Wednesday, March 11, 2009

Blast from the Past

If you had a heart
That went down to the soul
Up to the heart
To the brain
All the way to heaven
Where the angels sing to you and me
If your face looked just like mine
Though it doesn’t matter
We are in harmony
We are in destiny
A world without you’d be
A living misery
Don’t you see?

--Yours Truly, age 6

Oh yes, wasn’t I a clever little child? Particularly the lovely part when I thought that one could be “in destiny,” as though that were a state or a location. Pity that I wouldn’t listen when my mother tried to gently correct me. I know best, after all. Always have.

That little ditty (which I was extremely proud of and sang at every opportunity for a good year after I composed it) was originally titled “The Hamster and the Gerbil.” Yep, that’s supposed to be one rodent serenading another, speaking of their lasting friendship despite their many differences. It was inspired by my kindergarten class’s pet gerbil, Tommy (named, oddly enough, after the parish priest Father Tom), whom I got to take home and care for over summer vacation. I already had a pet hamster, Kookaburra (named because I liked kookaburras at the time, and kookaburras eat mice, and hamsters are kind of like mice—perfectly logical, no?), and with my overactive childish imagination I anthropomorphized the pair into best buddies.

I think it’s interesting that I mapped out the soul’s residence to be the center of the body, somewhere below the heart, smack dab in the middle of the chest. Perhaps I was expounding on the nature of the core of spirituality, existence, and individuality. Our identity is central to us, ingrained deeply into our center, virtually indistinguishable from our physical form. Or perhaps I was just plain dumb. Then, too, is the symbolism: animals as metaphors for humanity, illustrating my desire to connect with and bridge the gap between disparate, warring factions, urging us all to look past our differences to discover our hidden, integral similarities. Ha. The funniest part of all, however, may be that I still have the song and the circumstances surrounding it memorized, and it popped into my head today for no apparent reason…

The little birds, they creep and shudder
Beautiful butterflies dance and flutter
Following the eagle’s word

The clouds go rolling by and by
Covering up a clear blue sky
Following the eagle’s word

The deer, they jump in rhyming ways
Bounding, bounding through the days
Following the eagle’s word

And the eagle? He perches in a tree
Frowning down, but still with glee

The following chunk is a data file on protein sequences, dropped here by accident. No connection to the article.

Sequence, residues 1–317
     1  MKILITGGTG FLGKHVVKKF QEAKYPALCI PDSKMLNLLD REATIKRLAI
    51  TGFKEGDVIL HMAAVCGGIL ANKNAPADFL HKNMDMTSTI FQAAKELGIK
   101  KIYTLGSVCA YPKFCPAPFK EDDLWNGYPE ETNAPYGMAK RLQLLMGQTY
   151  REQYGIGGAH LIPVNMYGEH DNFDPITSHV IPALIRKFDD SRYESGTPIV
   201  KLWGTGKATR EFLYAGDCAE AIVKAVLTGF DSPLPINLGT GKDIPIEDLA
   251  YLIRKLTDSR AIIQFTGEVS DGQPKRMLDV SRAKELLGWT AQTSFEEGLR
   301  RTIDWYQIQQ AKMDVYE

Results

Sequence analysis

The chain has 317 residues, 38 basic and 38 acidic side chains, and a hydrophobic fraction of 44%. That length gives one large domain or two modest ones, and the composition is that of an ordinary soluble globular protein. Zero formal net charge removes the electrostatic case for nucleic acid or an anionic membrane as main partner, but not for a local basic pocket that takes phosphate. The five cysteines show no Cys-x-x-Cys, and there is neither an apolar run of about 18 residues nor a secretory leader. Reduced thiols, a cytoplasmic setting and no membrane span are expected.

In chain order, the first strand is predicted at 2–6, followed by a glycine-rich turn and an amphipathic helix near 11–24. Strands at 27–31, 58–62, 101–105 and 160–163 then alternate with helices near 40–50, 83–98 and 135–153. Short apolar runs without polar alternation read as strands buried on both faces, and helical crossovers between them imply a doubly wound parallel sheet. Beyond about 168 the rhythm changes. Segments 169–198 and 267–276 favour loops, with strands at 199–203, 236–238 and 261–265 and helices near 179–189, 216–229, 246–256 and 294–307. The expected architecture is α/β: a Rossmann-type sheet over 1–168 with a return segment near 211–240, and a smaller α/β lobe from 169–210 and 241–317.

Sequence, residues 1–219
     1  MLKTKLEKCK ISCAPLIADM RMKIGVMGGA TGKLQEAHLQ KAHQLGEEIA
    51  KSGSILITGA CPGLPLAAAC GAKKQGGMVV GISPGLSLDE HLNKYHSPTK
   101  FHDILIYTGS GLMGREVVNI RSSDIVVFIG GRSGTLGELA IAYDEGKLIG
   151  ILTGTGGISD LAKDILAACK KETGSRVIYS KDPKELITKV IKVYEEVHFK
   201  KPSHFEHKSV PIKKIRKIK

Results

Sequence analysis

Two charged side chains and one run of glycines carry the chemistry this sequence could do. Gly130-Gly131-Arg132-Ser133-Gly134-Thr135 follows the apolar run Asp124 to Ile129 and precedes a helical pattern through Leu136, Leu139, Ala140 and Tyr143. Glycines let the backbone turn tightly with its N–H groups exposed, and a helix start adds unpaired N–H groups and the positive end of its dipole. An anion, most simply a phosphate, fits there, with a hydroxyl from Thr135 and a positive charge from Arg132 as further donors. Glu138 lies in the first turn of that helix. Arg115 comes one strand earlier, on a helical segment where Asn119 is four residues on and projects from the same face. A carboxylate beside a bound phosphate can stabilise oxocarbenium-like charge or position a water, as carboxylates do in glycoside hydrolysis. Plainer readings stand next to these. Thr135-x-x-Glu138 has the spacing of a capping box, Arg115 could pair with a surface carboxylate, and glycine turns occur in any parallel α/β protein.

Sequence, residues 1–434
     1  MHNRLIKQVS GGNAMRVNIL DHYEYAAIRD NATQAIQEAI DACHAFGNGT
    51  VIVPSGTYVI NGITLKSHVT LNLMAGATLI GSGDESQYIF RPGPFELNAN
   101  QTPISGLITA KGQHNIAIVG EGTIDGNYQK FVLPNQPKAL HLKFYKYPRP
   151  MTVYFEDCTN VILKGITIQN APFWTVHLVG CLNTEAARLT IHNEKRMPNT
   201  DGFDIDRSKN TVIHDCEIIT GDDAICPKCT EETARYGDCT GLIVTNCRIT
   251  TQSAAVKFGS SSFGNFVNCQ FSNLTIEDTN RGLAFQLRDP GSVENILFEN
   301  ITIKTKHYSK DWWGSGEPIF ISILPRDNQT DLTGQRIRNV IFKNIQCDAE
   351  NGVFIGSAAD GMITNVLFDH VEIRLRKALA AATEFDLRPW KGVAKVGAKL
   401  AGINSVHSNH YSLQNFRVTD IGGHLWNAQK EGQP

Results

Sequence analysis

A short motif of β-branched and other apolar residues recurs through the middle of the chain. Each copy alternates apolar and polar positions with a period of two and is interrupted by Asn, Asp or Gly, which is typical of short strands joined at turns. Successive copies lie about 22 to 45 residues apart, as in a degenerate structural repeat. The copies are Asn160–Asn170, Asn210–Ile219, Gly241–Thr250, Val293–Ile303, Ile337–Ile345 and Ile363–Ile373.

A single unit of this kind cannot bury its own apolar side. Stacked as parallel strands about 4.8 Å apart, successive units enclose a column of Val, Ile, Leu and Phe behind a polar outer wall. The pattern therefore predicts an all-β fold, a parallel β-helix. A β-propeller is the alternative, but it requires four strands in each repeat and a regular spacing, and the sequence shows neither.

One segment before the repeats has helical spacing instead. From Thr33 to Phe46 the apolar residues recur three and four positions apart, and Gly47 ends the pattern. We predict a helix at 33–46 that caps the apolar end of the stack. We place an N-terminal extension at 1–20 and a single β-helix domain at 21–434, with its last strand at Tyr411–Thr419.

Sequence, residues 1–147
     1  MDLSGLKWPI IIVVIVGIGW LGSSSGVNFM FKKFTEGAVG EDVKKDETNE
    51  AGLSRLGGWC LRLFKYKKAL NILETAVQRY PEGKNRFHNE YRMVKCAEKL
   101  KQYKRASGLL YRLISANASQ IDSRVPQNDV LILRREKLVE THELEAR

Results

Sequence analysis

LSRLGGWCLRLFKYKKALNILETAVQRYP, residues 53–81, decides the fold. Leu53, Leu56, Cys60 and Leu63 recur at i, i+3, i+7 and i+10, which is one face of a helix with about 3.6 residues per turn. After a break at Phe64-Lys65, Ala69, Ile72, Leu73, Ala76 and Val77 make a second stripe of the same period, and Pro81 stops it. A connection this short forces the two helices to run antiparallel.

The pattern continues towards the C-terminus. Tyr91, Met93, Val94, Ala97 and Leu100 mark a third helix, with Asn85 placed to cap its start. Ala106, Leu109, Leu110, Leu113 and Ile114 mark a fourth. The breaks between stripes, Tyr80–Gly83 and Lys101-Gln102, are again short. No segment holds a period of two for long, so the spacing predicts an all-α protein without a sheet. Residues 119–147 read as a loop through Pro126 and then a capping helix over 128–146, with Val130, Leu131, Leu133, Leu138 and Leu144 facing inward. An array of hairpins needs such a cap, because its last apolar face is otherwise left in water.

Watching animals, and sometimes me,
Follow the eagle’s word

--Me, age 8 (or 9?)

Well, at least I gained a little more talent between kindergarten and third grade. I wrote this schweet work of art during a particularly boring class period, because times tables frustrated the hell out of me and I always was one to multitask. I showed it to the teacher (because I was also always one to show off, until I realized years later that a) bragging isn’t cool and b) half the time I didn’t have anything worth bragging about and so was just making a fool out of myself) and she was suitably impressed. She entered it into the district language arts fair, and I won a special prize, plus the honor of having “The Eagle’s Word” performed by Dance-A-Poem. Yep, dance students from a local college acted out their interpretation while a theatre arts major read the piece out loud. I felt special.

Let’s overanalyze again, shall we? The eagle is a wise, benevolent, but stern leader. Perhaps he’s a god-figure, in which case he must be overlooking his creation. His subjects, then, must follow his commandments. There are beautiful, innocent, pure things in the eagle’s world—such as butterflies and deer—but darker images exist, as well—storm clouds and the inspiration of fear in the little birds, for example. Still, we need both the aspects for a complete world. Yin and yang, black and white, good and evil, together.

Unfortunately, as pathetic as the above specimen may be, that’s about when my poetry-writing skills peaked. That’s a bit of a shame, because I wish I had the talent to express myself in verse, but eh, oh well. I’ll settle for the occasional blog post and call it good enough.

I’m burning all over, burning inside
I want to get out, but I’ve just gotta hide
There’s a flame in my heart, and a flame in my eye
I don’t want to live, but I don’t want to die

Waiting for someone to rescue me
Help me, I’m burning, and I wanna be free
Where is the light I’ve been waiting for?
Where is my second chance, where is my open door?

My mind is on fire
But my body stands still
I’ve become a monster
Against my will

Who am I…?
I don’t want to know
Where am I…?
Someplace light never goes
Let me out!
I can feel myself burning
Set me free!
Before I stop yearning
To find the real me

--Me again, unfortunately, age 12

There’s more to that one, but I can bear to post the rest of the pre-teen angst. Wow. That’s mighty embarrassing. But if we can’t laugh at ourselves, who can we laugh at? In my defense, at least, that’s not a self-portrait. It was written from the perspective of a rather creepy and also extremely depressed fellow in my class. Poor guy was pretty messed up, and when he announced one day that he was “burning all over,” my friend exclaimed, “Hey! That sounds like a song!”

So…man. Not sure why I felt compelled to share my more humiliating moments with the Internet at large, except to say: What we feel is really awesome at one point in our lives will probably look really stupid a year or two down the road. We’re constantly growing, changing, and maturing (hopefully, anyway). The moral, I guess, is don’t take yourself too seriously…and don’t forget to have a little fun every so often!

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